File photo: Oupa Mokoena / African News Agency (ANA)
Cape Town – In a David vs Goliath-like battle the Commercial, Stevedoring, Agricultural and Allied Workers’ Union (CSAAWU) has claimed victory over fruit processing plant Two-a-Day, one of the country’s largest plants, following a labour-related dispute.

The union charged that Two-a-Day plant management in Grabouw had refused their pleas to organise freely, recruit more workers and represent them in wage negotiations.

Matters came to a head last month when the workers threatened to go on strike unless the company recognised the union, resulting in the CSAAWU declaring a dispute which gave the company a 48-hour deadline to respond.

The company agreed to meet with CSAAWU’s representatives and then to an “expedited arbitration process” at the Commission on Conciliation, Mediation and Arbitration (CCMA).

CSAAWU national organiser Karel Swart said the CCMA awarded the organisation stop order deduction access to the company, full shop stewards rights, right to recruitment, and freedom of association on the company premises.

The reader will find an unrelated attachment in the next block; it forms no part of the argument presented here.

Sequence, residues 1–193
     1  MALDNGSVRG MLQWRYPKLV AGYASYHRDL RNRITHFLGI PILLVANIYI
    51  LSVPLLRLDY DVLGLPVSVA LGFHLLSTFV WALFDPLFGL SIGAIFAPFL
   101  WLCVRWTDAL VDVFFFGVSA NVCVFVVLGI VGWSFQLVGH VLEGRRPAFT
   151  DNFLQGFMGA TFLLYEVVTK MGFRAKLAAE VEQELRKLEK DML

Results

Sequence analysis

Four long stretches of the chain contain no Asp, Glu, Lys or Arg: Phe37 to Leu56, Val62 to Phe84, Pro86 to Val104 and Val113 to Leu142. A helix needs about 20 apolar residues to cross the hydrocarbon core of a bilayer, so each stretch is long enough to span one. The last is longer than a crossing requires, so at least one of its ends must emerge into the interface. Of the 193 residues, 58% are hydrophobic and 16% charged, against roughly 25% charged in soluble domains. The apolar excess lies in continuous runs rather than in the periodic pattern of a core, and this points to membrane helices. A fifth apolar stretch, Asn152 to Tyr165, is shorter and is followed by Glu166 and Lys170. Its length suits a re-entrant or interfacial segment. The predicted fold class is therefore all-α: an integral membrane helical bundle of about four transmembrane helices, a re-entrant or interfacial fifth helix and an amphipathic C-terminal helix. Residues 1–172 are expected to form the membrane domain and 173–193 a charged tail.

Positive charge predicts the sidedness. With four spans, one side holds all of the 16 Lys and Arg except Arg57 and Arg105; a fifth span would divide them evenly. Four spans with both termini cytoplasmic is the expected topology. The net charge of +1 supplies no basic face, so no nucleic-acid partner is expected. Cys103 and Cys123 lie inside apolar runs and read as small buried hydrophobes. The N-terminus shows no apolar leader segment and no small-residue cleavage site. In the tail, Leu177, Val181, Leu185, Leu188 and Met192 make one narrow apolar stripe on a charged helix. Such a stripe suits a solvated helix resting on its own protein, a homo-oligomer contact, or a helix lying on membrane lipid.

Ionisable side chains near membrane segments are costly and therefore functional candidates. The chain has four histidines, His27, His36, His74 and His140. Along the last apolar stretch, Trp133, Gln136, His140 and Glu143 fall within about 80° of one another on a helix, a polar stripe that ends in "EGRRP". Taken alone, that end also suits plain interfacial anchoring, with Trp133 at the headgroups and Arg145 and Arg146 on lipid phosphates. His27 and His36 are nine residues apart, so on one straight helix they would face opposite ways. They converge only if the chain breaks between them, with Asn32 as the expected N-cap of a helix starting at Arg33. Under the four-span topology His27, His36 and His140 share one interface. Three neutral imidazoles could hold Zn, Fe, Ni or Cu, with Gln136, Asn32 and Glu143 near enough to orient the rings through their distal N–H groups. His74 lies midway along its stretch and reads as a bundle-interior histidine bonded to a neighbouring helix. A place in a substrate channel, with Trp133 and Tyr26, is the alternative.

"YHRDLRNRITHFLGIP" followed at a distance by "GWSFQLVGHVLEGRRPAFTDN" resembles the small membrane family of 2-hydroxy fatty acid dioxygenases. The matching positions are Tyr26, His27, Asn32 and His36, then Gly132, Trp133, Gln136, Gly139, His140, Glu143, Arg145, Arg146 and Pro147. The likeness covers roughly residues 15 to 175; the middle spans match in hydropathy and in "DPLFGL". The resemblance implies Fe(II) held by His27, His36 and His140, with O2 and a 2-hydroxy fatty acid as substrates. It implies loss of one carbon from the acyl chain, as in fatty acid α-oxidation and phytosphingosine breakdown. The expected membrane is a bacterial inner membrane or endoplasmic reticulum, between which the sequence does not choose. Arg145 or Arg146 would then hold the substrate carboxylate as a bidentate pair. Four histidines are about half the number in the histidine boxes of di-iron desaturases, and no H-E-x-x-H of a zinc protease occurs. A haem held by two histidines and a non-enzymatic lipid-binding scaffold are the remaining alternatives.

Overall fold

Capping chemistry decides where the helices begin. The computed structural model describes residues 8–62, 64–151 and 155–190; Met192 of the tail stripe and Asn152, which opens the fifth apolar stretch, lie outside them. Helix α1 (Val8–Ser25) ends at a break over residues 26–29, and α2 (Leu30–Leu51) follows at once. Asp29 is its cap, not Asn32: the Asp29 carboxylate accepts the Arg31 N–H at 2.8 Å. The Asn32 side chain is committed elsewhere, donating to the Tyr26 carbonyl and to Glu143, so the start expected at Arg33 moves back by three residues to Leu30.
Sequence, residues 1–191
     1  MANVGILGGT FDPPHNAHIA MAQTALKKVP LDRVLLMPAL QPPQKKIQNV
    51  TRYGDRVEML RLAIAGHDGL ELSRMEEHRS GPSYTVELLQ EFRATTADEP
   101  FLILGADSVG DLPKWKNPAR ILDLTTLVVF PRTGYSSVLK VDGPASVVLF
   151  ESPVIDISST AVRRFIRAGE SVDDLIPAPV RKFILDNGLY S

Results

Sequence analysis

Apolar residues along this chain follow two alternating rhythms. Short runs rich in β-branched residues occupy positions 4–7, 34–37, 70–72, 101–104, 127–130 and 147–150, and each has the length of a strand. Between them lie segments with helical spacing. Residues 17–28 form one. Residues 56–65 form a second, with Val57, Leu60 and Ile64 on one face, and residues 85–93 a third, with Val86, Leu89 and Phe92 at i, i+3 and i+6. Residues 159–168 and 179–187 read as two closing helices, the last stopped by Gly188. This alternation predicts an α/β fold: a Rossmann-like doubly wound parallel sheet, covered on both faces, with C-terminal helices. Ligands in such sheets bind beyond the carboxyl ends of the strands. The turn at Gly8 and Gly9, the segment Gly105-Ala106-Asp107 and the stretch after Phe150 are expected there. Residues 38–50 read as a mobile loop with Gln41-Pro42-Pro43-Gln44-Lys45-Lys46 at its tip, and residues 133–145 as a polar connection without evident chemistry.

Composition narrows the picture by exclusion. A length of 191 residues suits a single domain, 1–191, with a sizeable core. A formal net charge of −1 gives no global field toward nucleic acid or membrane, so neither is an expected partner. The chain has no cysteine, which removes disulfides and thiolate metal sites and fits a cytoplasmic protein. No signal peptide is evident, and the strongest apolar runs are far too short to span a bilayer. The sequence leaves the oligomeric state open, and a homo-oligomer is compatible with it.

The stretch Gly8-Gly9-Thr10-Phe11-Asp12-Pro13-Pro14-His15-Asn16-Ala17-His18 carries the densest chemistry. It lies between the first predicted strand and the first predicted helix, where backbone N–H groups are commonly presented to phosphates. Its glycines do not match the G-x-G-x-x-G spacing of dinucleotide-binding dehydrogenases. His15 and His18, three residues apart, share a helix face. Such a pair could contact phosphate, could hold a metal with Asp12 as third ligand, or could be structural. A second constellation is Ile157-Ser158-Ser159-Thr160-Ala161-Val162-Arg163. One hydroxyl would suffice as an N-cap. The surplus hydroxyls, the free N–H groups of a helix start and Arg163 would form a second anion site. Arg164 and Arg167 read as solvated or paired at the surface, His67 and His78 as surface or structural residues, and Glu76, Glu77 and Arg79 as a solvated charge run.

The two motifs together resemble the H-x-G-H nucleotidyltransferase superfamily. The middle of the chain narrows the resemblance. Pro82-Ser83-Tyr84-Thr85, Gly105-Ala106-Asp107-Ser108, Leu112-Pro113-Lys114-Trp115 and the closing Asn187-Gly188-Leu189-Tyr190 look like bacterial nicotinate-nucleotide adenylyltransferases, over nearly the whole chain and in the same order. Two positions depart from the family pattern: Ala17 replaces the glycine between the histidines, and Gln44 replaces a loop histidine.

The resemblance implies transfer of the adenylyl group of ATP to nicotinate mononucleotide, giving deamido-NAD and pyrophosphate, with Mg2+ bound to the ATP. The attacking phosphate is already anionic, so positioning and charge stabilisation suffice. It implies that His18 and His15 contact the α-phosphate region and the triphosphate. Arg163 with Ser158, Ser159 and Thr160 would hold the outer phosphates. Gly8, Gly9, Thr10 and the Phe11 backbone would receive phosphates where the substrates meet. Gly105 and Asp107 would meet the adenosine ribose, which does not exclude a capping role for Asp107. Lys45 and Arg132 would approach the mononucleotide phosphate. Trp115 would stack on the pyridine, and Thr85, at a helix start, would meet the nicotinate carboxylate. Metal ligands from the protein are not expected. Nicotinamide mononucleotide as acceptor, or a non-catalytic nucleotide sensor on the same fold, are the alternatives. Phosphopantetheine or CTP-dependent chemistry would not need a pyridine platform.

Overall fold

“The CCMA victory has opened the floodgates in Grabouw and will spread across the apple and fruit sector that covers Grabouw, Villiersdorp and the Elgin Valley. This is in the best interests of farmworkers, farm dwellers and the rural poor, many nonunionised and at the mercy of exploitative practices and horrendous working conditions.

“It was a major victory that would not have been possible without the support of our federation and the solidarity from local and international supporters.”

The Two-a-Day Group comprises more than 50 farms owned by the principal shareholders. Its total area under fruit exceeds 3 300ha, with total production, including processing, equating to over 200 000 tons a year.

It exports 5.2 million cartons of apples and pears a year, and supplies the local market with 2.9 million cartons of apples and pears a year.

The company’s human resources director, Dimitri Jacobs, said CSAAWU applied for organisational rights early last year, but at that stage only represented 12% of employees at the company.

“CSAAWU struggled for two months to reach the 30% and eventually referred the matter to the CCMA,” said Jacobs.